Bryant Urstadt

Bryant Urstadt is the editor of Planet Money, NPR's podcast about economics. Planet Money specializes in taking complicated subjects, finding the people at the center of them, and turning their stories into entertaining narratives. He is part of the team which won a Peabody for reporting on the fake bank accounts scandal at Wells Fargo.

Before joining Planet Money, he was the features editor at Bloomberg Businessweek, which also specialized in taking complicated subjects, finding the people at the center of them, and turning their stories into entertaining narratives. There, he was part of a group which won numerous National Magazine Awards, for general excellence, as well as for single-issue topics like coding, and the financial crisis. He also oversaw online features, and helped build the Businessweek web site.

Before that, he was a full-time writer, and wrote for magazines like New York, Rolling Stone, The New Yorker, Harpers, Outside, Businessweek, and many other places, covering everything from hockey to derivatives.

And before that, he was an NPR listener who sent checks to his local member station.

Editor's note: This is an excerpt of Planet Money's newsletter. You can sign up here.

Editor's note: This is an excerpt of Planet Money's newsletter. You can sign up here.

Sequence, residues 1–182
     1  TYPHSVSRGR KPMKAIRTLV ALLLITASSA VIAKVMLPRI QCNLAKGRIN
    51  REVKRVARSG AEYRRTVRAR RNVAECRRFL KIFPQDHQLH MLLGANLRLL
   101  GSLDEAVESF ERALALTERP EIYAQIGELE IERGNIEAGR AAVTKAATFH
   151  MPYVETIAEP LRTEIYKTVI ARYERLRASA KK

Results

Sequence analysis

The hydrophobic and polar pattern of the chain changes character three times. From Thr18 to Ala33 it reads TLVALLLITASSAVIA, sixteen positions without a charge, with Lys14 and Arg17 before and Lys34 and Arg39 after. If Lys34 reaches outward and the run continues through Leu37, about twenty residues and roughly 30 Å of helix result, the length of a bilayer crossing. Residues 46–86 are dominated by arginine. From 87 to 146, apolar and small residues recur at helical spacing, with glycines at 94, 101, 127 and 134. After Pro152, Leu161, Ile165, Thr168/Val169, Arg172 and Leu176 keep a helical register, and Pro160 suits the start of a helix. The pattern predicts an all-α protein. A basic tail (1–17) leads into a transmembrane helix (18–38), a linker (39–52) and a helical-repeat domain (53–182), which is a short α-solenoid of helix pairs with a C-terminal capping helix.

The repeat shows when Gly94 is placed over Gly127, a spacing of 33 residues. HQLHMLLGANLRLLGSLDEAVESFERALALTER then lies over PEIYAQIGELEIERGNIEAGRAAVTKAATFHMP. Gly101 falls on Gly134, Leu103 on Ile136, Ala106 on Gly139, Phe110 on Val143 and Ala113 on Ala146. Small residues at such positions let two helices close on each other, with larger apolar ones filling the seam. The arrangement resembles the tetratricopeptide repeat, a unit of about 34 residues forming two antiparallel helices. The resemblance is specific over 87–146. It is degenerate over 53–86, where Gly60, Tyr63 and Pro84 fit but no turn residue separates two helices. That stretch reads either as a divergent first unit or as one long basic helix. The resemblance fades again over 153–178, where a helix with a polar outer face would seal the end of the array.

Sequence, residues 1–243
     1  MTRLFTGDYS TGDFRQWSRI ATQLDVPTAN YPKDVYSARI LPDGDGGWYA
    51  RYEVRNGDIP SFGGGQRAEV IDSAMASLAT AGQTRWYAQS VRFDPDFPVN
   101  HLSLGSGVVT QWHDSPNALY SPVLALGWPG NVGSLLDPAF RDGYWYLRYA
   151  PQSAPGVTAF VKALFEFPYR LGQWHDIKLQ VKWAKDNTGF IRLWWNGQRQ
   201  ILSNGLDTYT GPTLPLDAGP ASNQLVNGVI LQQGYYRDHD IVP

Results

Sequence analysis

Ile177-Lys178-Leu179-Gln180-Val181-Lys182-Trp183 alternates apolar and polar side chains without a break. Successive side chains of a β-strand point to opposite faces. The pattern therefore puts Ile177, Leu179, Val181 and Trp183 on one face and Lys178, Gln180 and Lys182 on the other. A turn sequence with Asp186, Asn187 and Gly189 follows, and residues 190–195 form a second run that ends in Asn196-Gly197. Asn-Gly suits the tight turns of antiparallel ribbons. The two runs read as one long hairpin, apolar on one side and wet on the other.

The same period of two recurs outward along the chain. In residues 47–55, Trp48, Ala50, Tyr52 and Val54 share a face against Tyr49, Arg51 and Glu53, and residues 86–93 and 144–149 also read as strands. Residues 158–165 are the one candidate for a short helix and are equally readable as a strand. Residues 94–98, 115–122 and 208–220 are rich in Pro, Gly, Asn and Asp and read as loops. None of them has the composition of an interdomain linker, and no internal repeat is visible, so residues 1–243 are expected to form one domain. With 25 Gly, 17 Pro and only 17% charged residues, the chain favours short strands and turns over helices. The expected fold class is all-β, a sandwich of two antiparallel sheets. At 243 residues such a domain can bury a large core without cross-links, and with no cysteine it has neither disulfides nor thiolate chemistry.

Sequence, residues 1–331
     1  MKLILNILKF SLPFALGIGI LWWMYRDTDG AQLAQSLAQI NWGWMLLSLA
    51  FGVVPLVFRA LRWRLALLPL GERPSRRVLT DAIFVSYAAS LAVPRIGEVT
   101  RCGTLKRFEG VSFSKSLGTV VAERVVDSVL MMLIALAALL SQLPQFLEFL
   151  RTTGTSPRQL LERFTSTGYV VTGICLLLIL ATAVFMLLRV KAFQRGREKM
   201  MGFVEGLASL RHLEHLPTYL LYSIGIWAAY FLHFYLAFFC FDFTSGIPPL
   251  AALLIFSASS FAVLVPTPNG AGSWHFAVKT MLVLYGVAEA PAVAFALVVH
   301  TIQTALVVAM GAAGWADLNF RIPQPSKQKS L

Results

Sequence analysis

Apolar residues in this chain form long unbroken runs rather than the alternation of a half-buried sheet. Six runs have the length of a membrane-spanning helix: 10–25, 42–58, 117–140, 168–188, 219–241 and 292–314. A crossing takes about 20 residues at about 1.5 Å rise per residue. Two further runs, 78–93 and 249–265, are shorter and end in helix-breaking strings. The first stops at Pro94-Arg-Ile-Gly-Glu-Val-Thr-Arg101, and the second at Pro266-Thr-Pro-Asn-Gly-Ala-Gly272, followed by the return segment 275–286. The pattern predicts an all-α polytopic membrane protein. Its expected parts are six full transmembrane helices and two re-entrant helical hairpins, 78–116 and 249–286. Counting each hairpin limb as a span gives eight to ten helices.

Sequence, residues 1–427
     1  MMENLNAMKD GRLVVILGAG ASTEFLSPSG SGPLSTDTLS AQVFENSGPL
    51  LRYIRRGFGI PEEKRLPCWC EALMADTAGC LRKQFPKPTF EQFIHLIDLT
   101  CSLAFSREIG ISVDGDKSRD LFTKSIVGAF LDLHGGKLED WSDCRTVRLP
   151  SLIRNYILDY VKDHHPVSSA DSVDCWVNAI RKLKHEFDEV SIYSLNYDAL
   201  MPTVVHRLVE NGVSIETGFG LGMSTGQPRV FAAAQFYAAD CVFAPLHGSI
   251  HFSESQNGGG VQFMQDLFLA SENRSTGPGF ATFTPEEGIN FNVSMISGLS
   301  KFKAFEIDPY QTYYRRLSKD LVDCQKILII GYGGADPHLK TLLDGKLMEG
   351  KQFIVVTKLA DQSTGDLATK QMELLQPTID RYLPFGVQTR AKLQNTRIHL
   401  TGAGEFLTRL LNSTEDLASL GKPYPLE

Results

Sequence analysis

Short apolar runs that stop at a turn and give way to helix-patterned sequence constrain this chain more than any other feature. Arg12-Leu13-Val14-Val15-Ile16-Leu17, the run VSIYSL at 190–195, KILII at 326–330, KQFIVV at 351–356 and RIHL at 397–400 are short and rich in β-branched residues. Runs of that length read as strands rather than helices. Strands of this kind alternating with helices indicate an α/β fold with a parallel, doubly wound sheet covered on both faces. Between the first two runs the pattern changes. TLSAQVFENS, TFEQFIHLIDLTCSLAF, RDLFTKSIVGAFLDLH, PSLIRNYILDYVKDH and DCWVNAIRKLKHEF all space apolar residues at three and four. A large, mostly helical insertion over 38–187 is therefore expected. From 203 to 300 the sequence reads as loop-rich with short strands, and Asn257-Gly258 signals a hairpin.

What do silver dollars, Venmo, and Brexit have in common? They're all on the minds of our listeners.

Today on the show, we take listener questions, and hunt for answers. We try to figure out how Venmo makes money, how the tax system really works, why truckers are buying helicopters in England, and more.

As President Trump sat across the table from Chinese President Xi Jinping at the G20 in Buenos Aires, things seemed to be looking up. Their two governments, which have been embroiled in a trade war for months, were agreeing to a 90-day truce.

After Amazon announced it would open a new office in New York's Long Island City neighborhood, a fight erupted in Planet Money's office. A similar fight is playing out all across the city. Some people think: "Great! This will bring lots of new jobs and investment to New York." Others worry Amazon's presence will raise rents and displace people. Plus, New York gave the company a huge subsidy in the form of tax incentives.

It's confusing times to work at the Federal Reserve. The playbook for steering the economy doesn't work like it used to. So what's changed? We crash a party of central bankers to get some answers.

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